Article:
Astronaut Paper Plate Crafts for Kids

Updated February 21, 2017

In the eyes of a child, an astronaut is a very admirable profession. The idea of blasting off into space and becoming weightless sparks vivid imaginations, leading many children to dream about being astronauts themselves one day. Encourage this dream by helping them to create one of several astronaut-themed craft projects from paper plates.

Orbiting Astronaut

Children can create an astronaut-themed craft project while learning about the important principle of orbit. Start by teaching the child what it means when an object is in orbit around another. Paint a paper plate to look like the earth, the moon or a planet. Draw an astronaut on a piece of poster board. Cut out the astronaut. Poke a hole in the centre of the planet with a sharp pencil. Cut a small, rectangular strip out of the poster board, making sure it is long enough to stick 3 to 4 inches above the plate at its centre. Glue the astronaut to one end of this strip and attach the other to the centre of the paper plate planet using a brass brad. This allows the astronaut to orbit around the planet when turned.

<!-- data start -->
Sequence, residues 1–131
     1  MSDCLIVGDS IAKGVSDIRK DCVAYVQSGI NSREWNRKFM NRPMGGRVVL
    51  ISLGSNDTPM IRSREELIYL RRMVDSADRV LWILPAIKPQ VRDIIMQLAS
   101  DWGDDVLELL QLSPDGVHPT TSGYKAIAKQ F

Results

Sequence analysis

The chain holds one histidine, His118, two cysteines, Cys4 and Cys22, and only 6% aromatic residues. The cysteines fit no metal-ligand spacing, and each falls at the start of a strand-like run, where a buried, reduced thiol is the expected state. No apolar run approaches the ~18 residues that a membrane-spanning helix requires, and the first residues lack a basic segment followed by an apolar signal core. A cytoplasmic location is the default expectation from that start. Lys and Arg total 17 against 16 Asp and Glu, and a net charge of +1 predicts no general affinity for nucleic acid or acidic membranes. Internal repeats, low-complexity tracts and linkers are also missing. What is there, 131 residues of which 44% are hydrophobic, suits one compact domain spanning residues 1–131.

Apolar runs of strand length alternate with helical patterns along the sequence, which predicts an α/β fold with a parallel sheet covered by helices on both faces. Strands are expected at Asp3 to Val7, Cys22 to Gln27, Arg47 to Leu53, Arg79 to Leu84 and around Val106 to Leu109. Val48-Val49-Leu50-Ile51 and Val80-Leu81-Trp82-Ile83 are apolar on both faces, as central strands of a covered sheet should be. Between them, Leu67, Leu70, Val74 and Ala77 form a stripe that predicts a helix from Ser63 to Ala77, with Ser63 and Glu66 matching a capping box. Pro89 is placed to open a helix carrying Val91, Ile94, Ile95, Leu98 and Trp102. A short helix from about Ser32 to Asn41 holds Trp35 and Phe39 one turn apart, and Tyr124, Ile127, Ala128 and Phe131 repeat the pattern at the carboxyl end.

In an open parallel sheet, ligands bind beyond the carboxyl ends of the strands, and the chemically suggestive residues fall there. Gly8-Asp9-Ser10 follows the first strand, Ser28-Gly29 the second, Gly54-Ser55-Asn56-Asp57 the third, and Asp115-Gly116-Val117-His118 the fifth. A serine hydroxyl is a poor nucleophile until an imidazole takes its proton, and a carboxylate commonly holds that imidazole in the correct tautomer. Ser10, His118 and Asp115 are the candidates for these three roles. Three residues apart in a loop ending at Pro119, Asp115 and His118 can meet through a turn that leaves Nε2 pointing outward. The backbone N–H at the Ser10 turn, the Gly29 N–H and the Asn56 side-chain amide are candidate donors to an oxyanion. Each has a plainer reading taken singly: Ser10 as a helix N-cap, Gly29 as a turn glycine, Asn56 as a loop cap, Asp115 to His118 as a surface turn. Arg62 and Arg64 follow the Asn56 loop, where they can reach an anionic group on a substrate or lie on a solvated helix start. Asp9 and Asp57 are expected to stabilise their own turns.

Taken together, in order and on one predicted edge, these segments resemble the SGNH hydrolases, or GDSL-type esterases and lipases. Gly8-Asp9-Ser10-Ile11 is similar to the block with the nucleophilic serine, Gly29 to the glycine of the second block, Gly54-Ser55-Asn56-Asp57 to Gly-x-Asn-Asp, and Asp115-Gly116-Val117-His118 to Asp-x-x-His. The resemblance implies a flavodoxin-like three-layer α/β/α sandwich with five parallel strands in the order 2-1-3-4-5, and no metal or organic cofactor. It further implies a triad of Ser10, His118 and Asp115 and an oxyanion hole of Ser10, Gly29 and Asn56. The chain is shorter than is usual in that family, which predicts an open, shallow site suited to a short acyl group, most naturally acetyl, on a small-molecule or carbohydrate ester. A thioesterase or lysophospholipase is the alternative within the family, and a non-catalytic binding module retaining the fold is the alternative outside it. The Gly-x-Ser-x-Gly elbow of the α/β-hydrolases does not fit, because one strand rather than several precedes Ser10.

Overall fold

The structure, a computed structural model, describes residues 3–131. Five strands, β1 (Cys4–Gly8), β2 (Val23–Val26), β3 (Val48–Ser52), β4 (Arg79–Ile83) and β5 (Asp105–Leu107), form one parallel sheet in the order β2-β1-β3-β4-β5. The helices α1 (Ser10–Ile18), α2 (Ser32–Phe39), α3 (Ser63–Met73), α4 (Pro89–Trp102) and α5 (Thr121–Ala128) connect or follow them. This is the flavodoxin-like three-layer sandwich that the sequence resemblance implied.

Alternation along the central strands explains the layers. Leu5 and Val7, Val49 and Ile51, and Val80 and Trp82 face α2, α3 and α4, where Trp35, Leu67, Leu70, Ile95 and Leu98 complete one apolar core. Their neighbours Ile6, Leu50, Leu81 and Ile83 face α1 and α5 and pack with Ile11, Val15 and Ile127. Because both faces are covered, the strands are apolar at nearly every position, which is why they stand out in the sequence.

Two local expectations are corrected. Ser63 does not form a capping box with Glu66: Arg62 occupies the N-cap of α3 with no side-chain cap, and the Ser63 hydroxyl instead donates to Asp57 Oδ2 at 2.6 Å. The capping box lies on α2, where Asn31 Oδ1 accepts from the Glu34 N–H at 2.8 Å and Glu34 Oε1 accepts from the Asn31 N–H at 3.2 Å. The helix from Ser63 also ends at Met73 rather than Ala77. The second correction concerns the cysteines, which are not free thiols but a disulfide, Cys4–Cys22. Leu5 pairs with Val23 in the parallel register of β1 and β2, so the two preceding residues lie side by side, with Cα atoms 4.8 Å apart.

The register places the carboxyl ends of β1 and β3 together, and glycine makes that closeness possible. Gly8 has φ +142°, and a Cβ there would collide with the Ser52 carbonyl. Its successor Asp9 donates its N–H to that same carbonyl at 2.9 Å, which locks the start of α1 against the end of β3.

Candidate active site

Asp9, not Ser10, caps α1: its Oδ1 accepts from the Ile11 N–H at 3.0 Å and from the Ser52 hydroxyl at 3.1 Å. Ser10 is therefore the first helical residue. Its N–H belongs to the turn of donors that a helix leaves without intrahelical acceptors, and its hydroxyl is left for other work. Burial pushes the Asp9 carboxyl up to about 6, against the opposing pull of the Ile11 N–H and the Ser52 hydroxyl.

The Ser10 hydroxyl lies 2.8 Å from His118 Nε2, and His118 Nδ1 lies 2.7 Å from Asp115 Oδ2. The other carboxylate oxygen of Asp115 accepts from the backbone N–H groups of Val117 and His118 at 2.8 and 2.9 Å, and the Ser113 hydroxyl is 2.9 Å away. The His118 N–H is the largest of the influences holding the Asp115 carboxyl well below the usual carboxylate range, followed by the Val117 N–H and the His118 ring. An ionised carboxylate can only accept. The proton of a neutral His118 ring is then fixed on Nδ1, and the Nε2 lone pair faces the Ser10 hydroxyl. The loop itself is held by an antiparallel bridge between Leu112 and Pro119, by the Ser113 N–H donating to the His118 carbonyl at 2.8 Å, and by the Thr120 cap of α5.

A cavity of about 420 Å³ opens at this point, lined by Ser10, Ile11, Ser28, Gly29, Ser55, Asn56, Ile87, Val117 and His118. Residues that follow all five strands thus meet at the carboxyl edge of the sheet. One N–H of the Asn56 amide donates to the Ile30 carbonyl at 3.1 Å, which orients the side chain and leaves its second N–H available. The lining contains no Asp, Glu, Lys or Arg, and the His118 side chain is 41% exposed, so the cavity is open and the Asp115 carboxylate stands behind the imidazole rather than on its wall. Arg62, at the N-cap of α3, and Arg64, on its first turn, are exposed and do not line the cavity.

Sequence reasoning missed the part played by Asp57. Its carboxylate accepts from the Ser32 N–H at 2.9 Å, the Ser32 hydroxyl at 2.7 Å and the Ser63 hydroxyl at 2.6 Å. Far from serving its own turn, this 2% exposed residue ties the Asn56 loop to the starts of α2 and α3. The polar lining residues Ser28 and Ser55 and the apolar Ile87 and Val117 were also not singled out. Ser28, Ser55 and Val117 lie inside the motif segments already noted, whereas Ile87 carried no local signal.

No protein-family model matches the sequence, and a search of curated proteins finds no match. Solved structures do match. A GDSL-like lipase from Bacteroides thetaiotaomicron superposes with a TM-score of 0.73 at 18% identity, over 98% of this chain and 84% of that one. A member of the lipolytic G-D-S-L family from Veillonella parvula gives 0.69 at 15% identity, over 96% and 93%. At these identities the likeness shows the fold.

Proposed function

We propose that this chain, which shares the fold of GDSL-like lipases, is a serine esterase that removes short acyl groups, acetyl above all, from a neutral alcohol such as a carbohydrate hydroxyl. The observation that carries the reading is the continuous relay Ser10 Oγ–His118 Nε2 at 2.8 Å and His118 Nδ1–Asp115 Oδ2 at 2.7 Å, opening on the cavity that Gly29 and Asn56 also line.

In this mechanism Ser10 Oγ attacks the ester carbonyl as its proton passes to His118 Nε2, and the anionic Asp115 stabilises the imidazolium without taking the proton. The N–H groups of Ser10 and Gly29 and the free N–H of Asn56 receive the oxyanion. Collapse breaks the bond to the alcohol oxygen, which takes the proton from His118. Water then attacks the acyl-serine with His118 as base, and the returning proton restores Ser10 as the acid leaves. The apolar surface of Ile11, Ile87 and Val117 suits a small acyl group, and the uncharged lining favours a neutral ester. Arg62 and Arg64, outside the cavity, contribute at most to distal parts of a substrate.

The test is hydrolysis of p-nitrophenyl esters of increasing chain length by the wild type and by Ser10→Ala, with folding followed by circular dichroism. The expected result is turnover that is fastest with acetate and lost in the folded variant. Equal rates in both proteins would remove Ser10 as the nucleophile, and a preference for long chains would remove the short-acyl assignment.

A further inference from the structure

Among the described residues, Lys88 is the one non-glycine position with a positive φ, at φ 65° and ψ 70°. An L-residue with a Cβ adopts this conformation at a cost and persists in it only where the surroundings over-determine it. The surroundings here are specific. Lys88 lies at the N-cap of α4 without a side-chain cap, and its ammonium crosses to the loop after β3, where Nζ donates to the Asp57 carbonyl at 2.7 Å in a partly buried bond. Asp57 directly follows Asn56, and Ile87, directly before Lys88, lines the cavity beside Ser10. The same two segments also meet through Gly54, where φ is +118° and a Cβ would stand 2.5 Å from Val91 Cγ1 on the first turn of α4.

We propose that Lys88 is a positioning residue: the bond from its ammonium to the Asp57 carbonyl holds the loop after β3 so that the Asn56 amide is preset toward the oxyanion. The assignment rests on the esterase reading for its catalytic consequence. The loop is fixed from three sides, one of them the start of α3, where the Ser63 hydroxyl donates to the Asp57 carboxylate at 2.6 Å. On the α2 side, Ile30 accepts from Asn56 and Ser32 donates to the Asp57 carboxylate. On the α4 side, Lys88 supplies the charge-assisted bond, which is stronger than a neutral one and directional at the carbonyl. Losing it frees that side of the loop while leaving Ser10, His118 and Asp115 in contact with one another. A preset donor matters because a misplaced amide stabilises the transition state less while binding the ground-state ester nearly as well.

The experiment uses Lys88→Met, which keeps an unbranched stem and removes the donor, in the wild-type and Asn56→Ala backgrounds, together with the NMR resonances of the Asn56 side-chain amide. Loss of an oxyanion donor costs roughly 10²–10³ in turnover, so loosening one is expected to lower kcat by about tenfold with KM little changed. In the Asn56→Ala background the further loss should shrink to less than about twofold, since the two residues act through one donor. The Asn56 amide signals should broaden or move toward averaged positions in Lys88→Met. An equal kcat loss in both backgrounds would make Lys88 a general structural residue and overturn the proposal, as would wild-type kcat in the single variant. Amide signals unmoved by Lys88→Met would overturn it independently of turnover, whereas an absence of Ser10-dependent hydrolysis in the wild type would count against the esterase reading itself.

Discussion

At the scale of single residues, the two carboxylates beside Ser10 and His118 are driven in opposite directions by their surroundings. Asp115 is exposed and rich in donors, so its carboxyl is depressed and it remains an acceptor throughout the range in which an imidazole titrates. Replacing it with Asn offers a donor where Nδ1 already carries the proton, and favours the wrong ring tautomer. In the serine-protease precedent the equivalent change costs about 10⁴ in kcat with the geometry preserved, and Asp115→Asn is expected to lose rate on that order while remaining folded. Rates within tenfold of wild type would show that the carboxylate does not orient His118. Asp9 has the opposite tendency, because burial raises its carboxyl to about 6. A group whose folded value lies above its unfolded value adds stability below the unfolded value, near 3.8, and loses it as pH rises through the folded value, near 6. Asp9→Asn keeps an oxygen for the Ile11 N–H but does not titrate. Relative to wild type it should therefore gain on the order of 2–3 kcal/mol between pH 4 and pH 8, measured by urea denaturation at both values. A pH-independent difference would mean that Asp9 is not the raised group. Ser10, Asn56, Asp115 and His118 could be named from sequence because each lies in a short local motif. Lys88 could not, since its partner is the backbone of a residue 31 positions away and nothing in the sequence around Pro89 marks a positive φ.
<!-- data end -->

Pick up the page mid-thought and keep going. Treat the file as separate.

Flying Saucer With Astronaut

For a fun craft that kids can play with after it is complete, create a flying saucer with astronaut. Take two paper plates, preferably deep ones, and glue or staple them together with both the bottoms facing outward. Draw a small picture of an astronaut on a piece of poster board or paper and cut out. Attach a domed cup lid, commonly found at coffee shops on drinks where whipped cream is used, to the top centre of the paper plates. Position the astronaut inside his cockpit by sticking him through the hole of the lid. Decorate the plates with paint, tin foil, stickers or any other desired objects. Take it for a test flight by throwing like a frisbee.

Astronaut Helmet

Create an astronaut's head in his helmet using a paper plate. Take a large paper plate and cut the centre out of it, leaving only the outside rim. Paint the rim silver and add any type of decoration that might be found on an astronaut helmet, such as a name or country flag. On a small paper plate, draw a face and cover the plate with cling film to create the effect of an enclosed helmet. Place the silver rim on top of the small plate and attach with glue or staples.

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About the Author

Sarah Schreiber has been writing since 2004, with professional experience in the nonprofit and educational sectors as well as small business. She now focuses on writing about travel, education and interior decorating and has been published on Trazzler and various other websites. Schreiber received a Bachelor of Arts in mass communications.